How Planting Date, Varieties Affect Spring Cover Crop Growth

How Planting Date, Varieties Affect Spring Cover Crop Growth May 4, 2018

Importance of Planting Date

Reduced spring growth resulting from delayed planting of small grain cover crops has been widespread throughout the western Corn Belt. The composite photograph (Figure 1) shows the difference in height and biomass production between plots of  Elbon cereal rye planted on September 22, 2017 and November 1, 2017.

Even though the risk of failure increases with later planting dates, establishment costs for many small grain cover crops are often low enough that successful years — years where rye establishes and grows well — often outweigh the years when failure occurs. Briefly, fall 2017 growth of cereal rye and triticale cover crops was minimal due to adverse growing conditions that followed delayed planting. It is important to note that even with good fall growing conditions we may still see up to 50% decreased fall growth for each 7-10 day delay in planting after Sept. 1.

Cover Crop comparison
Figure 1. Elbon cereal rye planted on September 22, 2017 (left) and November 1, 2017 (right). Both photos were taken April 27, 2018 by Keith Glewen and show the difference in height (11 versus 6 inches) and biomass.

Cold Tolerance and Winter Hardiness

Small grain varieties within a species are identified as either spring or winter types. Often spring and winter designations are true only for the region where they were selected and developed, and even then, there may be exceptions. For example, a winter variety developed in the southern US, such as Elbon cereal rye, may not survive extended cold and dry winter temperatures common in the central and northern US. Also, a winter variety may not survive even where it was developed due to extended periods of extremely cold and dry temperatures.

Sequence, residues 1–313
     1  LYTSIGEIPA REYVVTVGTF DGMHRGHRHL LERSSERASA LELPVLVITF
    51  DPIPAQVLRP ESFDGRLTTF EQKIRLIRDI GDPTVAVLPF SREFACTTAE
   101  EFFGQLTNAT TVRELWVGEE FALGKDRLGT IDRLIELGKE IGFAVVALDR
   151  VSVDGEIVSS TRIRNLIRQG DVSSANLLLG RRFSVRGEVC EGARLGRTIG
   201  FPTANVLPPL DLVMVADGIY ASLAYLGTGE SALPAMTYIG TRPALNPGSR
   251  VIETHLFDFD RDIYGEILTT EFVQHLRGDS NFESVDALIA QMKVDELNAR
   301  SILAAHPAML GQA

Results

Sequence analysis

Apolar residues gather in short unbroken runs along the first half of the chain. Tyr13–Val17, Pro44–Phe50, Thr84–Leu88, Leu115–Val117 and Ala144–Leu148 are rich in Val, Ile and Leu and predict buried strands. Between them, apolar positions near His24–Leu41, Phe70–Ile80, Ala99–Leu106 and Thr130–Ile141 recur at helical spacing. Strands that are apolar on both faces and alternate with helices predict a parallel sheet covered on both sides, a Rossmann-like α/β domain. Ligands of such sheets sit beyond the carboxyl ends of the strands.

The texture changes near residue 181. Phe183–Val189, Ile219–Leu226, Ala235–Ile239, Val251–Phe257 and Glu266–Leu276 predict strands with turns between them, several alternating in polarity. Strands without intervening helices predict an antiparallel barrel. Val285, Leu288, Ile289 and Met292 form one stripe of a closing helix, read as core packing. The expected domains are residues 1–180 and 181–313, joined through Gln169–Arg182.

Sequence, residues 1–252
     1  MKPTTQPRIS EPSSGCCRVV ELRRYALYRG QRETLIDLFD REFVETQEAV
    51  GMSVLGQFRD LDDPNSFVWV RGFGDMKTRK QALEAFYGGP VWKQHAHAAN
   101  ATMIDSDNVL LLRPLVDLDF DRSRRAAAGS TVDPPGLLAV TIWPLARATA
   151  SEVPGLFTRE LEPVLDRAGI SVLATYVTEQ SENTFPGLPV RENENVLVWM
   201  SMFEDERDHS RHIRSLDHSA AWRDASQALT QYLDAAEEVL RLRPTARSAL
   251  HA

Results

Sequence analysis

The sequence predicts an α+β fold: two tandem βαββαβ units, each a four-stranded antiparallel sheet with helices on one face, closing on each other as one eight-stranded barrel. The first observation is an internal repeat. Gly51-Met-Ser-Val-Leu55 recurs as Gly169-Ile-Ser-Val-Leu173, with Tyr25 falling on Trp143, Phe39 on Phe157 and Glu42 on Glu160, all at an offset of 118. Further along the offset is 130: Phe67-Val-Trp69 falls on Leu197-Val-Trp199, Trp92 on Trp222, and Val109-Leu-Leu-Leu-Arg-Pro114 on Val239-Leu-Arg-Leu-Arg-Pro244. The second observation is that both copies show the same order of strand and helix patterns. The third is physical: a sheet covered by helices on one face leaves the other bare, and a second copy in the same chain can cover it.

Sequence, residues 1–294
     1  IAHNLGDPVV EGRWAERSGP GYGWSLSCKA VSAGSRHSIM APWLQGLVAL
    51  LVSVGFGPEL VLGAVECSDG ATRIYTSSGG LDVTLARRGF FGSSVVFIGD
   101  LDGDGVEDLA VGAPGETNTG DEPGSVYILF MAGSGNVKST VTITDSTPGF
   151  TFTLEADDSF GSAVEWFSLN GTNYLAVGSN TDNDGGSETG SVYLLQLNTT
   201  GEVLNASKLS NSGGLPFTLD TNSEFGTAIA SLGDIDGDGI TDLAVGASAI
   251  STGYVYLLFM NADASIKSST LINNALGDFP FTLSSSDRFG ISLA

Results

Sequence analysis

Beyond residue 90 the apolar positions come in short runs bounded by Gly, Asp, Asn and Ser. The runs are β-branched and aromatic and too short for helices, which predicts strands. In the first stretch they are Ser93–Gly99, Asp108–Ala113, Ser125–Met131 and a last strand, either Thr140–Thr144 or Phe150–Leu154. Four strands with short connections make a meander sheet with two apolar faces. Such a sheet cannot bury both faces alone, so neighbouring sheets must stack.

Nevertheless, most cereal rye cultivars will survive winters in the central and northern Great Plains, regardless of whether they are they classified as a “northern type” or a “southern type.” Northern-type cereal rye cultivars are very winter hardy with longer winter-dormant periods than the southern types. Southern types can have longer growth into the winter and are often the first of the small grains to begin growth the following spring.

Take This to the Field

  • Fall seeding dates greatly affect spring biomass production. Later planting means less biomass. These differences were exaggerated in fall-winter 2017-2018 because of adverse growing conditions.
  • Cold tolerance and winter hardiness vary with species and within species. Both northern and southern type cover crop varieties can do well in Nebraska.
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